House: tributes to freedom fighter Hodgson

  • Eva Hodgson

    Eva Hodgson

The Deputy Speaker of the House of Assembly led tributes yesterday to civil rights hero Eva Hodgson.

Derrick Burgess told MPs during a virtual sitting that Dr Hodgson, who died last week, “loved her family and will be deeply missed”.

He said: “Since her death, many of those that showed disdain for her will make complimentary comments about Dr Eva Hodgson, an educator, author, union president and above all a Christian woman.

“In her book Second Class Citizens, First Class Men, Dr Hodgson wrote about the most tumultuous period in Bermuda’s social history from 1953 to 1963.

“This was the time when hotels restaurants and theatres were desegregated, labour found a voice in the Bermuda Industrial Union and the Progressive Labour Party was formed.

“Dr Hodgson was deeply involved in the desegregation movement and because of her participation she was threatened with the loss of her job.”

David Burt, the Premier, said it was “with great sadness” that he associated himself with the condolences to the human rights campaigner.

He added: “She used her intellect to enlighten and inspire generations of Bermudians, to strive for a better society in which race was no barrier to success.

“Dr Hodgson is the very embodiment of a freedom fighter.”

Craig Cannonier, the leader of the One Bermuda Alliance, said that he joined in “condolences and accolades for a life that, quite frankly, has contributed to a better Bermuda”.

He added: “I cannot say enough about the life of Eva.

“She is known, a celebrity in her own right throughout the island for her cause.”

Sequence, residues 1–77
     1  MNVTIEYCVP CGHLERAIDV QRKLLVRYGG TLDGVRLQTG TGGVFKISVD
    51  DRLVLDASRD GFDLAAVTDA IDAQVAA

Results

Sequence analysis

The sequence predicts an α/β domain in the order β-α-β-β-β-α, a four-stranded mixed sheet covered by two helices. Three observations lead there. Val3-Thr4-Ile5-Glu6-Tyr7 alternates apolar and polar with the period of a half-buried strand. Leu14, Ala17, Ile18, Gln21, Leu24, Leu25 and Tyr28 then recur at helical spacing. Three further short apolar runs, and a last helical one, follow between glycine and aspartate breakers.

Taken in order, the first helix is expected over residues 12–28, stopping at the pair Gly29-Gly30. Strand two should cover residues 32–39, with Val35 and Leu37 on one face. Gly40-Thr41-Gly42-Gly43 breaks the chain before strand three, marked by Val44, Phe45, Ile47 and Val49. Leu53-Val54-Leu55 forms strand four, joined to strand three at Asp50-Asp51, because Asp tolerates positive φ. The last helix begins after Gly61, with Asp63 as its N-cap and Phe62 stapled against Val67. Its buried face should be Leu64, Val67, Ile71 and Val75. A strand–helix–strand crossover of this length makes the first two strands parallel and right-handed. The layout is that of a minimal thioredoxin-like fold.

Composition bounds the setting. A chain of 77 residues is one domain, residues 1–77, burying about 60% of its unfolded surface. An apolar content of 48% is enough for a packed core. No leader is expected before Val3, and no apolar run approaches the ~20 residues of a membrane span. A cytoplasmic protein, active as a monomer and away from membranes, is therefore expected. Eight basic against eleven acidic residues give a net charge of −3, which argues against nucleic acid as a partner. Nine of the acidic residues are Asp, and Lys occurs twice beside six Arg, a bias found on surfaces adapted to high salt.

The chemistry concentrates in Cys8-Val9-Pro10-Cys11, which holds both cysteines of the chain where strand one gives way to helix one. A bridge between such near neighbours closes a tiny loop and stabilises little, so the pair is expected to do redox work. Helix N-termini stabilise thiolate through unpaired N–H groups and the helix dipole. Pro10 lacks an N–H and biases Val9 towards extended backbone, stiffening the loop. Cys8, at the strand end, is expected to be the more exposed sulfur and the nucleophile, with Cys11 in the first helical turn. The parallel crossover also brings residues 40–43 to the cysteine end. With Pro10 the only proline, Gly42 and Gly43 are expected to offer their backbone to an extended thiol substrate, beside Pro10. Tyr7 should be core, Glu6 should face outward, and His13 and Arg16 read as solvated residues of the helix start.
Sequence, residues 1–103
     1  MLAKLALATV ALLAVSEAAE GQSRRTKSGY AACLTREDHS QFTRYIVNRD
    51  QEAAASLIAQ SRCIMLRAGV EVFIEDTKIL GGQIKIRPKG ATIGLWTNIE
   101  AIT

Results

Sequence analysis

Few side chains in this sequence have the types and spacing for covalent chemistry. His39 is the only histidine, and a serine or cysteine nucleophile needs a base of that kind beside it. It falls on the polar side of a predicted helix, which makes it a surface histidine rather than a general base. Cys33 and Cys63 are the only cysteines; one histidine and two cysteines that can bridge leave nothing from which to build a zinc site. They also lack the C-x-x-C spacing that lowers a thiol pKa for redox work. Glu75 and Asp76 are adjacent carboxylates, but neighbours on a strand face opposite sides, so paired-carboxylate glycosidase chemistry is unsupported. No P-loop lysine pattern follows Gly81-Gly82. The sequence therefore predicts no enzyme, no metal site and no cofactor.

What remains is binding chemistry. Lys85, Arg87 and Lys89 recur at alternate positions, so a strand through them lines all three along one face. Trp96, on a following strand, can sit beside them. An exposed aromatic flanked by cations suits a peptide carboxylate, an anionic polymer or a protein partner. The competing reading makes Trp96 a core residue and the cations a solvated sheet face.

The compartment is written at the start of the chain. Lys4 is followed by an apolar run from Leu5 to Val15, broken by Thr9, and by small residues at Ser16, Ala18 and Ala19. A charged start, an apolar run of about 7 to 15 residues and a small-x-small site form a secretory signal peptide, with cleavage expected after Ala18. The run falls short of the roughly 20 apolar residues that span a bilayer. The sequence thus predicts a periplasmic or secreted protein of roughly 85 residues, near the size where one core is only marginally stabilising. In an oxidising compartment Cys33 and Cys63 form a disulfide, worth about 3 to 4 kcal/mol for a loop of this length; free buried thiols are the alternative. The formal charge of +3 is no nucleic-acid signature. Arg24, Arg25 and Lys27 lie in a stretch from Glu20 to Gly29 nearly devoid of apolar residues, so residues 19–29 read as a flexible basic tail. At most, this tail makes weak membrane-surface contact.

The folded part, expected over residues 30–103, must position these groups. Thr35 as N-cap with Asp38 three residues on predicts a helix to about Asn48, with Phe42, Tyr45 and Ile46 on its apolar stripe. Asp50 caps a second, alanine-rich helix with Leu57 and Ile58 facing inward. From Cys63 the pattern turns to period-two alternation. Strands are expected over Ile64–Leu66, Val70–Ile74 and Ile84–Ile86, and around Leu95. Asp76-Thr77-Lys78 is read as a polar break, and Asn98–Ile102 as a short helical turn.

Mr Cannonier said: “Some may have felt a little intimidated even, by her, because in her stature, she may not have been a tall, big woman but she was obviously, with her cause, greater than what she physically showed.”

The Opposition leader added that the death of Dr Hodgson on May 29 came around the same time as people mourned the death of George Floyd, who lost his life at the hands of police officers in Minnesota a few days earlier.

He said: “These things don’t happen by chance, they are messages being sent to us to pay attention.”

Cole Simons, the Shadow Minister of Education and Economic Development, said that Dr Hodgson “told it as it was”.

He added: “When she spoke you listened and when she spoke you felt what she had to say.”

Mr Simons said that “other people would have crumbled” under “the blowback that she had from the community”.

He added: “Because of her principles and Christian beliefs, she fought on like a true soldier, in fact, a general in the march of racial equality.”

Michael Scott, a PLP backbencher, said that he would miss Dr Hodgson’s “great dignity and great knowledge of our social and political affairs”.

Rolfe Commissiong, also a Government MP, added: “She would have to go down as one of the most consequential Bermudians of the last two centuries.”

He said: “Eva Hodgson spent a lot of time, if I can get a little fancy here, deconstructing white supremacy and one of its chief by-products, white privilege ... that disadvantaged black Bermudians and was such a feature of the types of racial oppression that persons of African descent had to endure in this country.”

Patricia Gordon-Pamplin, the Shadow Minister of Finance and Health, explained that she knew Dr Hodgson as a geography teacher, who instilled “an attitude of discipline in the learning process”.

She added that it was up to “us, to express our sincere appreciation for the value that she put into us as young people”.

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Published Jun 6, 2020 at 12:21 pm (Updated Jun 6, 2020 at 12:21 pm)

House: tributes to freedom fighter Hodgson

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